The Labour party's unity in Scotland was fractured yesterday after its disastrous performance in the Ayr by-election for the Scottish Parliament.
Labour lost the seat to the Conservatives, who celebrated their first by-election victory north of the border since 1973 and their first directly elected seat in the Scottish Parliament.
Worse still, a resurgent Scottish National Party cut heavily into Labour's share of the vote, which fell from 38 per cent in 1999 to 22 per cent, pushing Labour into a poor third place.
Together, Labour and the Liberal Democrats, who were pushed into fifth place behind the Scottish Socialist Party, took fewer than a quarter of the votes, underlining current disillusionment with the performance of Scotland's Lab-Lib Dem coalition.
The result will have rung alarm bells in Downing St, where concerns about a slump in Labour's traditional heartlands have been heightened by the message from Ayr - that support is also falling away in marginal seats.
Ian Davidson, Labour MP for Glasgow Pollok, was the first to break ranks, saying the party had to realise it was unpopular in Scotland: "Anyone in the Labour Party hierarchy who believes that New Labour is popular in Scotland should get out more. We need to reconnect with our core vote.
"If Labour is to maintain the sort of coalition that brought us to power then you need to ensure that ordinary people feel there's something in it for them and that ordinary Labour Party members feel they are wanted."
Brian Donohoe, Labour MP for Cunninghame South, said that the Scottish Executive had mishandled the repeal of Section 28 - the law banning the promotion of homosexuality in schools which the executive plans to repeal. Mr Donohoe said: "I think it was a crazy idea in the first instance to be involved with such an issue. I've always said that. I don't know even at this stage that it needed to become the issue it has become."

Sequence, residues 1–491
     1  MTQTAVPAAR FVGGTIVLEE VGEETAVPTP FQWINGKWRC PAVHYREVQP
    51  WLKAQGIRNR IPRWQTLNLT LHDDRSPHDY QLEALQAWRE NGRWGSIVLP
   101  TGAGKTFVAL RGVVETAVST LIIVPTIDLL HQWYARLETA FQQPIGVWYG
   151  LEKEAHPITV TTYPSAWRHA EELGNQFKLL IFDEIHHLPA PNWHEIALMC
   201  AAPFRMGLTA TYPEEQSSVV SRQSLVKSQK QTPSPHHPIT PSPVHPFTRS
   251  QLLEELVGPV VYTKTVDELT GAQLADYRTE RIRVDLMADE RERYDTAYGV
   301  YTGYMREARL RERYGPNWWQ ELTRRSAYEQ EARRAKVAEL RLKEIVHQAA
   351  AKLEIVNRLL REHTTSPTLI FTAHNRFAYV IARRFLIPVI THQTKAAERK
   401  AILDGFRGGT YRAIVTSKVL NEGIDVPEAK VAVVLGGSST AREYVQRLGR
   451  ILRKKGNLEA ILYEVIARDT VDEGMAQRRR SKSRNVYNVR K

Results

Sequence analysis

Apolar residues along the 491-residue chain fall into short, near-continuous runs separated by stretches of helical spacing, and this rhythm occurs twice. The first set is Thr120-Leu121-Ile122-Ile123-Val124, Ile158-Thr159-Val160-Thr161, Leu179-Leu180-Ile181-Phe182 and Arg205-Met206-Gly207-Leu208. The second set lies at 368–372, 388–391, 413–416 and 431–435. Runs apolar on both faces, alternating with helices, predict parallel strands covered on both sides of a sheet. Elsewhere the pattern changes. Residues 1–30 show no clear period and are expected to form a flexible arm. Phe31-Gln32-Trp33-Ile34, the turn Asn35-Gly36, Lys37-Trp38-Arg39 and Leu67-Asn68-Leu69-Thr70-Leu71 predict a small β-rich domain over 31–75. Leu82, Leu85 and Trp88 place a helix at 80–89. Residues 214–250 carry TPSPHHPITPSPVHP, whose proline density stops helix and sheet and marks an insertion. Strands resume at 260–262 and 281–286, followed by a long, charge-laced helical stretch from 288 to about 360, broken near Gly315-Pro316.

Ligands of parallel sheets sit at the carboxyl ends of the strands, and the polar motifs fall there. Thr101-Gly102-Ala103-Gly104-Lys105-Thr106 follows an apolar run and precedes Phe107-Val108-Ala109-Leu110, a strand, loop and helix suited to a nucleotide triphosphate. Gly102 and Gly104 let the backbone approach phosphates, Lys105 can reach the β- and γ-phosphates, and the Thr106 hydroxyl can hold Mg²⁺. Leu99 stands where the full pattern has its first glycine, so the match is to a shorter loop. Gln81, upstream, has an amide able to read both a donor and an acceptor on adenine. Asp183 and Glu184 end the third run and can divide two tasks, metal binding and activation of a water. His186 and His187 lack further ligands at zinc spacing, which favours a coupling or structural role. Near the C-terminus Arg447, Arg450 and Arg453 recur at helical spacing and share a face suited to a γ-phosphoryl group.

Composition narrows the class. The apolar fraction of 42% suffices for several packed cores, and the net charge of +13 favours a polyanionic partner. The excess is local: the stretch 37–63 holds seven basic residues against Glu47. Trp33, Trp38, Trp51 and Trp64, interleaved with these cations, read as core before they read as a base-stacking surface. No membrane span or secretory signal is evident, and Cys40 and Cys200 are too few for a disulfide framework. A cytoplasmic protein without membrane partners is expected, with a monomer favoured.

Meanwhile, the Labour leadership tried to brush off the result as caused by over-inflated expectations of the new Scottish Parliament, mid-term blues, and the row over Section 28. Donald Dewar, Scotland's First Minister, said: "Yes, I am disappointed ... but there is no way in which I regard this as some sort of cataclysmic event."
William Hague, the Conservative leader, heralded the majority of over 3,000 secured by John Scott, a farmer, as "a superb result". Mr Hague visited Ayr twice in the course of a campaign in which opposition parties pilloried Tony Blair for not attending.
David McLetchie, the Conservative leader in Scotland, said: "The gloss is very much off New Labour. The Tony Blair honeymoon is over. So is Donald Dewar's if he ever had one. This result demonstrates that we are on our way."
However, the SNP pointed out that the Tories' share of the vote had barely increased since the Scottish Parliament election for Ayr last May, whereas the nationalist share had increased from 20 to 29.5 per cent.
Alex Salmond, the SNP leader said: "These results, in a constituency considered poor territory for us, demonstrate that there is not a single area of Scotland that is not vulnerable to a Scottish National Party challenge."
The "Keep the Clause" campaign, backed by Stagecoach tycoon Brian Souter, said that its exit poll showed Section 28 had been a major factor in the Ayr public's voting choice, despite Mr Dewar's claim to the contrary. The campaign said it sampled 1,470 voters and found that 30 per cent of voters were influenced by the Section 28 debate, while 15 per cent changed their voting intention because of the fierce debate.Reuse content